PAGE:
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Your task is to write a program that calculates the amount of different ways to display any given whole positive number using the following rules:

Meet the 'advanced binary system':

Any whole positive number can be displayed in binary form, but each bit can have every number from 0 to 9. This means, a valid number might look like this: 480 and would be calculated to 4 * 2^2 + 8 * 2^1 + 0 * 2^0 = 32. You see, every 'bit' is multiplied with 2 to the power of the significance of the bit, just like in binary but with 10 (0 to 9) different possible bits instead of 2 (0 and 1).

It is given a whole positive decimal number in any kind of form. This can be text input, a variable value, an array element, etc. Then your program calculates in how many ways (using the number format explained above. Leading zeroes obviously do not count) the inputted decimal number can be displayed. The result should then be returned, printed or drawn in any readable way as a decimal number.

Examples:

Input: 3 -> Output: 2 > Reason: the decimal number 3 can be displayed as 11 (1 * 2^1 + 1 * 2^0) and as 3 (3 * 2^0), thus 2 different possibilities

Input: 1 -> Output: 1 > Reason: the only possibility is 1 (1 * 2^0)

Input: 2 -> Output: 2 > Reason: possibilities are 10 and 2

And so on.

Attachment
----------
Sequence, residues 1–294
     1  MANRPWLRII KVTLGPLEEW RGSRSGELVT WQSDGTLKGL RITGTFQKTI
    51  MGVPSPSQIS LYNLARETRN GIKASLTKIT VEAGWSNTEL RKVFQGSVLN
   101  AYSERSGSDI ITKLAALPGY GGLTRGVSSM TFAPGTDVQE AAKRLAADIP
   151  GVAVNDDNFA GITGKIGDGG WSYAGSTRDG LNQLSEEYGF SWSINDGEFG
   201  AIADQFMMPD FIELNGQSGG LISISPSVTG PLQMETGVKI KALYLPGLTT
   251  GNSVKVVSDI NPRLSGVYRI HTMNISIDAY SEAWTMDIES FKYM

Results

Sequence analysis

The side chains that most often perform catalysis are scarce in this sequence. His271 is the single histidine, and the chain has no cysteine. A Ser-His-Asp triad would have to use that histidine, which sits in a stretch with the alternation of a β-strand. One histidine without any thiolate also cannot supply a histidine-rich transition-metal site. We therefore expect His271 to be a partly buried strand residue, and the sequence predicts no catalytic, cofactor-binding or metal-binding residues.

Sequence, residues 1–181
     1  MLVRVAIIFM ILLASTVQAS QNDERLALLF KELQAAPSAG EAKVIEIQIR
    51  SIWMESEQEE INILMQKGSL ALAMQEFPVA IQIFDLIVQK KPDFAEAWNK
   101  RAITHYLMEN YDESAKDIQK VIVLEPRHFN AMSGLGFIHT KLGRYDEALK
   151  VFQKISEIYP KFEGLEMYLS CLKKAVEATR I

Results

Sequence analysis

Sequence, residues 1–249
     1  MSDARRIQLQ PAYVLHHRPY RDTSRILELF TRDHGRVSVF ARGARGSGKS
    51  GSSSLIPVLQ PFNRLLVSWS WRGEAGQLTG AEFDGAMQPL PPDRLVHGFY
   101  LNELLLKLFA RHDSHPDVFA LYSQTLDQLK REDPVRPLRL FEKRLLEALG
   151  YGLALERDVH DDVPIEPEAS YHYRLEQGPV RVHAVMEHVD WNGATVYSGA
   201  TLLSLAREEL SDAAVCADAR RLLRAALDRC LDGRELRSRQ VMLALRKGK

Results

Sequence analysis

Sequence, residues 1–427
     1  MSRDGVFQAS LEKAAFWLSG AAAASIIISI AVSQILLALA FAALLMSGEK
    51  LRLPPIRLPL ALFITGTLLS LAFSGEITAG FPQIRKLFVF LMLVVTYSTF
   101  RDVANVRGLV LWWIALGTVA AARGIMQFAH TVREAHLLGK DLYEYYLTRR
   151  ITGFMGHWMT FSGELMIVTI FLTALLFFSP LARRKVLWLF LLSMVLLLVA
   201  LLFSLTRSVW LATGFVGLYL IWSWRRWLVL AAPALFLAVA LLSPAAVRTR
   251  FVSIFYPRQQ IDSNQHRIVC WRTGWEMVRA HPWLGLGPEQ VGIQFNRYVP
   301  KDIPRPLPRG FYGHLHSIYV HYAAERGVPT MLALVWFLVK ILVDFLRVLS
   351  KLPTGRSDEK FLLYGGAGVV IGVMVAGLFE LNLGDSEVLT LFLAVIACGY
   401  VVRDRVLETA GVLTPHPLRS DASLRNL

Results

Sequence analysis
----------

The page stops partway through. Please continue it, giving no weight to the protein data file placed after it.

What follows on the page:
This is code golf: program with least amount of bytes wins!

Test cases

The first 30 values are:

1, 2, 2, 4, 4, 6, 6, 10, 10, 13, 13, 18, 18, 22, 22, 30, 30, 36, 36, 45, 45, 52, 52, 64, 64, 72, 72, 84, 84, 93
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  • 3
    \$\begingroup\$ Could you provide some larger test cases? \$\endgroup\$ Sep 16 at 20:59
  • 4
    \$\begingroup\$ Note that this sequence 1, 1, 2, 2, 4, 4, 6, 6, 10, 10, ... initially matches https://oeis.org/A018819 which counts number of partitions of n into powers of 2, but limiting the digits to 9 causes it to continue 13, 13, 18, 18, ... rather than 14, 14, 20, 20, .... \$\endgroup\$
    – xnor
    Sep 16 at 21:50
  • 6
    \$\begingroup\$ I think this isn't actually a dupe of the challenge to enumerate these base representations, because just counting them allows shortcuts as seen in mine and especially dingledooper's Python answers. \$\endgroup\$
    – xnor
    Sep 17 at 3:32
  • 2